I wanted to give a brief update on the short period planets paper that just recently got accepted to Astrophysical Journal. Once you’ve gone through the referee process and the paper gets accepted. You go through the editorial stage of the paper where the journal formats your paper into the nice two column format of the journal and puts your figures into the text so that everything looks seamless and coherent. On top of that, a copy editor reads your paper searching and correcting for typos, grammatical errors, and formatting errors. Once this has been done, you receive the proofs of your paper, what it will look like in the final print version in the general. One version, the ‘redline’ copy, highlights the corrections and changes from the copy editor and the other shows how the paper will look in journal format including where all the figures will be positioned. So I just got the proofs for my paper a few days, and I’ve gone through and checked the copy editor’s modifications. For the ones I disagree with, I can submit a response explaining my reasoning and those edits may be modified. Now that the proofs are in and reviewed, the next step is publication (expected to be formally in August). The paper is online in pre-print format so everyone can read the results early, but the publishing in the journal is considered the official stamp of approval that the publication is scientifically valid and that the results have been peer-reviewed.
So what’s next? We’ll right now I’m working on some observing follow-up of our highest priority planet candidates. We’ve been getting follow-up observations to help study and confirm if these are real planet transits. I was helping to observe on the Keck telescopes Monday and Tuesday nights (Hawaiian time). I didn’t get to be go out Hawaii or Mauna Kea. I was observing remotely from the comforts of home (well, the Yale Keck remote observing run across from my office in New Haven). So Tuesday and Wednesday morning on the East coast I was helping to drive the Keck I around and take high resolution spectra including observations of a Planet Hunters candidate or two. Additionally, we’re looking for new planet candidates and we could use your help. I’ve run an adapted version of my transit selection pipeline from Q1 data and I’ve applied it to all the classifications from Q2-Q5 that we have complete. We have a large list of potential unknown planet candidates. We need help sorting through identifying those light curves from our top list have actual planet transits similar to what we did for the short period planet analysis. If you’d like to help with the sorting, we could use all the help we can get. Go to http://www.review.planethunters.org now.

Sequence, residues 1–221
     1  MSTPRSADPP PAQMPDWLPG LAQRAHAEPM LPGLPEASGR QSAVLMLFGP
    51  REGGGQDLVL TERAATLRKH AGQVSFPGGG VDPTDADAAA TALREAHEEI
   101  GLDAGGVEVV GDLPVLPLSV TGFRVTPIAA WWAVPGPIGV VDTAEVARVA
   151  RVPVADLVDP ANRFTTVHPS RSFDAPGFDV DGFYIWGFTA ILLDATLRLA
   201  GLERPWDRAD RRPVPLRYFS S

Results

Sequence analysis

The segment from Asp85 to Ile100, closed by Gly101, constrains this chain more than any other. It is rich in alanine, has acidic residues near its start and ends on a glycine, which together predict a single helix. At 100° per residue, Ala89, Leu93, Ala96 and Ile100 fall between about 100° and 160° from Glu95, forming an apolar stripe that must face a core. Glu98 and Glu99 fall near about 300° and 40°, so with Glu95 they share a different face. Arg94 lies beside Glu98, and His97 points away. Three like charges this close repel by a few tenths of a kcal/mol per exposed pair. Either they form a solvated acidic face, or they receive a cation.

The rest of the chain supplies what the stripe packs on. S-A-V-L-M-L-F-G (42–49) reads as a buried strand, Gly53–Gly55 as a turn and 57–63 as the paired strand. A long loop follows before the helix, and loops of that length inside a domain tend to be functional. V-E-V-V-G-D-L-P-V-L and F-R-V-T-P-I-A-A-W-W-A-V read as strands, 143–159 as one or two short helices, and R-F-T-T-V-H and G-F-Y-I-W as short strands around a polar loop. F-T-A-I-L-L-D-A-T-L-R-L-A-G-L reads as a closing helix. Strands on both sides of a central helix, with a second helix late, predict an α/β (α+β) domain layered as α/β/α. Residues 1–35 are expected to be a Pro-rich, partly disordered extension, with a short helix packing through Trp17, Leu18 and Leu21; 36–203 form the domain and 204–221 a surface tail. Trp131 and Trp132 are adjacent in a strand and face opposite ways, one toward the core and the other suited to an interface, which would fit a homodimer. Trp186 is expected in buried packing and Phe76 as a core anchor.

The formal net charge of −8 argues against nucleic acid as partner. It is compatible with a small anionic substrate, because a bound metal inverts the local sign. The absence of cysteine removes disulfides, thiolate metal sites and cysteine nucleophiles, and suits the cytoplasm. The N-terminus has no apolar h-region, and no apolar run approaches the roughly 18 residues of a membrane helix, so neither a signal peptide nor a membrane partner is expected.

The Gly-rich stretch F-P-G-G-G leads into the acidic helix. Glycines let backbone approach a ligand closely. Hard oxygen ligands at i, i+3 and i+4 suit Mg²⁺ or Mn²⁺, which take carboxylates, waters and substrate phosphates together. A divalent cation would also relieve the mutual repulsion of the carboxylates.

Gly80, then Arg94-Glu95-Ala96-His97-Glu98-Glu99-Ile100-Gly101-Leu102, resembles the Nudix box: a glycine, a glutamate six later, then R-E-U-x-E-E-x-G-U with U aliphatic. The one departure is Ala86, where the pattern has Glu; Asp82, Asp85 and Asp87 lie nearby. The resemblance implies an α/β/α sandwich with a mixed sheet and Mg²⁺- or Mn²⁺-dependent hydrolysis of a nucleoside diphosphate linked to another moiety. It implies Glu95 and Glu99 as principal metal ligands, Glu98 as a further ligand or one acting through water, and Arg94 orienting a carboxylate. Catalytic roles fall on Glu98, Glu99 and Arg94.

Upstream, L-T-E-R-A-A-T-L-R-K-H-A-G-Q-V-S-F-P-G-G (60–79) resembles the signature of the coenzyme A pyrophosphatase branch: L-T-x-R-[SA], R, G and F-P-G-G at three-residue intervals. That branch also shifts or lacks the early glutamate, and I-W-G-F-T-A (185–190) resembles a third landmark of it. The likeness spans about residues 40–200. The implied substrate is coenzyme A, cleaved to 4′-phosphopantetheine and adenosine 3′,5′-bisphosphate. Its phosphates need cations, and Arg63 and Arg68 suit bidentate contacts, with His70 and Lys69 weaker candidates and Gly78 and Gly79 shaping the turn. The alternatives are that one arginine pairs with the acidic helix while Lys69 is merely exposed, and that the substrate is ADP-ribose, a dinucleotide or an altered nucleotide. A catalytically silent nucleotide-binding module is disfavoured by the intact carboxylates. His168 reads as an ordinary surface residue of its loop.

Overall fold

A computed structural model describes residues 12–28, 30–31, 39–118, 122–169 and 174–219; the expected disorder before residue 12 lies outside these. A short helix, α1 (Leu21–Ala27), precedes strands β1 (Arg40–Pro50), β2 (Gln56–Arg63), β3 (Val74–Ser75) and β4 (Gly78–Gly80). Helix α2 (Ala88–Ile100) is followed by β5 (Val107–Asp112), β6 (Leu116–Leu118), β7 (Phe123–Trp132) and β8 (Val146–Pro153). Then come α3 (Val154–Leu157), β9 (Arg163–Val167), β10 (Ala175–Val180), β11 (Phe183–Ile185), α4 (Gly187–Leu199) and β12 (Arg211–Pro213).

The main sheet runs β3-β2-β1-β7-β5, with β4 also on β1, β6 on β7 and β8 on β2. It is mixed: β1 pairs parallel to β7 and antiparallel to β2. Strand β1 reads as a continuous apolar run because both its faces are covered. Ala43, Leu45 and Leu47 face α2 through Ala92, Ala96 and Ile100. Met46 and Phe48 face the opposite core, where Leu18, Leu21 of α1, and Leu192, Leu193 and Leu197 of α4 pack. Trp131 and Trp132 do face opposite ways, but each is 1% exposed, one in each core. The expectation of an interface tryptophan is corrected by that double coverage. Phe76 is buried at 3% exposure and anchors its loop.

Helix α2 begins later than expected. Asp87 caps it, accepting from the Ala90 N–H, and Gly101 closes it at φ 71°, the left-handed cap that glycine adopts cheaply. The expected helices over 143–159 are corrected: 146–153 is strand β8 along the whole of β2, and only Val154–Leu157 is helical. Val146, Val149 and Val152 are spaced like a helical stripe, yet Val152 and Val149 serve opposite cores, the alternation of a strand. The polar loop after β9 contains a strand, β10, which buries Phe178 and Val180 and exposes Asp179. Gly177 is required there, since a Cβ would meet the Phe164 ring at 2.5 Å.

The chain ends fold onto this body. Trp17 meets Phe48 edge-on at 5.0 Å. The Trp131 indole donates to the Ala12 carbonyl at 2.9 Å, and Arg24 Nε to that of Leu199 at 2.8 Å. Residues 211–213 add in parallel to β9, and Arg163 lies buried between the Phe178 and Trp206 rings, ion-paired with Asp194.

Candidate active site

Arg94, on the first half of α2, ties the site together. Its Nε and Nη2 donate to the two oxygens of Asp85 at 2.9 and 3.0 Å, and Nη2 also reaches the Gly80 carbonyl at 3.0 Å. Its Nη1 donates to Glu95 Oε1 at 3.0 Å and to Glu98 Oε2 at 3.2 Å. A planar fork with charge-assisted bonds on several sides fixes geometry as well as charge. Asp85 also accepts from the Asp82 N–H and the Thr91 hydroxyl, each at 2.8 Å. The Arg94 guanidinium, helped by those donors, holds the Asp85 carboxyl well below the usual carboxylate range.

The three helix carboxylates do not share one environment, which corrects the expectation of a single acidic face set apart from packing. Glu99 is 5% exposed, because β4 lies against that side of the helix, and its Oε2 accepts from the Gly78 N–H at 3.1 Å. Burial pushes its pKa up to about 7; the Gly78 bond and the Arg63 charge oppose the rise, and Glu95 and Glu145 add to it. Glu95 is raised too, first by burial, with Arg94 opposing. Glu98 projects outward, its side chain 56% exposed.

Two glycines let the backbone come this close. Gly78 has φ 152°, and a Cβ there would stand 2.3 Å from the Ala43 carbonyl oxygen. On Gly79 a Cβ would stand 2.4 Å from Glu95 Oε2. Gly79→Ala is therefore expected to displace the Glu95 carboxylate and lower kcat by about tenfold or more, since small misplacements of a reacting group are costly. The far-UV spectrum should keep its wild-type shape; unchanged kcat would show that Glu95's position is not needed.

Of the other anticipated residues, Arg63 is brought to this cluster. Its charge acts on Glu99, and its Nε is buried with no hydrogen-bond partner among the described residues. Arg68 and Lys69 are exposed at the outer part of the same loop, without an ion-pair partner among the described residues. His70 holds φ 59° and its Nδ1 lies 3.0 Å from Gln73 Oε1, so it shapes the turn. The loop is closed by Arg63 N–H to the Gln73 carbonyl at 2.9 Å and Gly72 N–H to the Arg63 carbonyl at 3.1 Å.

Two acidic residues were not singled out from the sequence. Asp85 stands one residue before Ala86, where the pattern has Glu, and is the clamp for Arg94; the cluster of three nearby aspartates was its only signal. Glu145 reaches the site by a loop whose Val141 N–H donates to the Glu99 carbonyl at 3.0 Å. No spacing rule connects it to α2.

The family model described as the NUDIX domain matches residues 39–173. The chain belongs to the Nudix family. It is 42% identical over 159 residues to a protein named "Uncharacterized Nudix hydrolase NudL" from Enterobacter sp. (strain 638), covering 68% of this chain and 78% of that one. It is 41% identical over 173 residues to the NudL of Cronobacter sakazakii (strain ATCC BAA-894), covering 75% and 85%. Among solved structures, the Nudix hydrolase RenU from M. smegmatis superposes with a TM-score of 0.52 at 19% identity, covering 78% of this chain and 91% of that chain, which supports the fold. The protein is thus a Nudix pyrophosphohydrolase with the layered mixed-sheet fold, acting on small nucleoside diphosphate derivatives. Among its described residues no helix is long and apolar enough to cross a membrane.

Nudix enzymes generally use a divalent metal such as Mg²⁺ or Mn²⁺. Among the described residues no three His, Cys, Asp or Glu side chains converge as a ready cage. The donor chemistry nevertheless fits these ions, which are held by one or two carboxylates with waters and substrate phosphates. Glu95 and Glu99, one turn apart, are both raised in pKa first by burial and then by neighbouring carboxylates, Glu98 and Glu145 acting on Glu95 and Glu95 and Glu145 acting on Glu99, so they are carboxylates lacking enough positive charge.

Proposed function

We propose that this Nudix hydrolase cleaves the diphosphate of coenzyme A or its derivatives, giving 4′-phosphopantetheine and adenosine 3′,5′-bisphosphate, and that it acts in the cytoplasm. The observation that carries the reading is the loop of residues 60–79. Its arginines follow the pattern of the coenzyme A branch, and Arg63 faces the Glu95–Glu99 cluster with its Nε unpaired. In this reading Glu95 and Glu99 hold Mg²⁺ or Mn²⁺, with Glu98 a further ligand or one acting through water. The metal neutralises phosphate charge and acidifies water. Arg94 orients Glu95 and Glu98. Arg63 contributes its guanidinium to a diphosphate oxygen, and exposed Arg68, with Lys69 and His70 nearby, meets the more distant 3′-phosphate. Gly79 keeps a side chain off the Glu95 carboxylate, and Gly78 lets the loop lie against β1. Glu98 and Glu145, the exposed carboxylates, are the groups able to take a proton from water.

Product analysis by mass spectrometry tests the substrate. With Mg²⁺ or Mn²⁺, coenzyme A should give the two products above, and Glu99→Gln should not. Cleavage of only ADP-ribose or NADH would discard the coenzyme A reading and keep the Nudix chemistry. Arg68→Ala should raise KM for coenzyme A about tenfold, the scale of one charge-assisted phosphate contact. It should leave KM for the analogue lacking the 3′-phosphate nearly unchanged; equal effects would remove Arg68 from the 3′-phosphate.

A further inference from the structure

Today’s blog post come’s from guest blogger Justin Crepp, co-author on our first Planet Hunters paper. Justin is an expert in adaptive optics and fellow planet hunter. He’s going to tell you more about the observations he carried out to help follow up our planet candidates.
Dear Planet Hunters,
Thank you for your diligent work identifying new Kepler planet candidates!
I am a postdoc at Caltech and my job (normally) entails searching for exoplanets using high-contrast imaging, a technique that involves trying to “take a picture” of faint companions in orbit around bright stars. As you can imagine, this is a challenging task: it requires adaptive optics to correct for the blurring effects of Earth’s turbulent atmosphere (as well as other hardware and some advanced data processing). Ironically, the same technology that I use to detect planets directly can also help to find transiting planets. By eliminating false-positives with imaging observations, we can dramatically reduce the likelihood that a nearby object, such as an eclipsing binary star, is mimicking the periodic signal of a transiting planet. In other words, I am often very anxious to see faint points of light next to bright stars, but, in the case of Kepler targets, it is best not to find any sources in the immediate vicinity of the star.
I recently had the pleasure of working with Debra Fischer, Meg Schwamb, and the rest of the Planet Hunters team, to observe the stars that you found to have intriguing light-curves. Armed with the Keck adaptive optics system and the NIRC2 camera, Tim Morton (Caltech grad student) and I were able to record deep images of each target on your list. After some careful analysis, we found that two of the stars you identified were free of contaminants, and therefore almost certainly (>95% confidence) transiting planet hosts.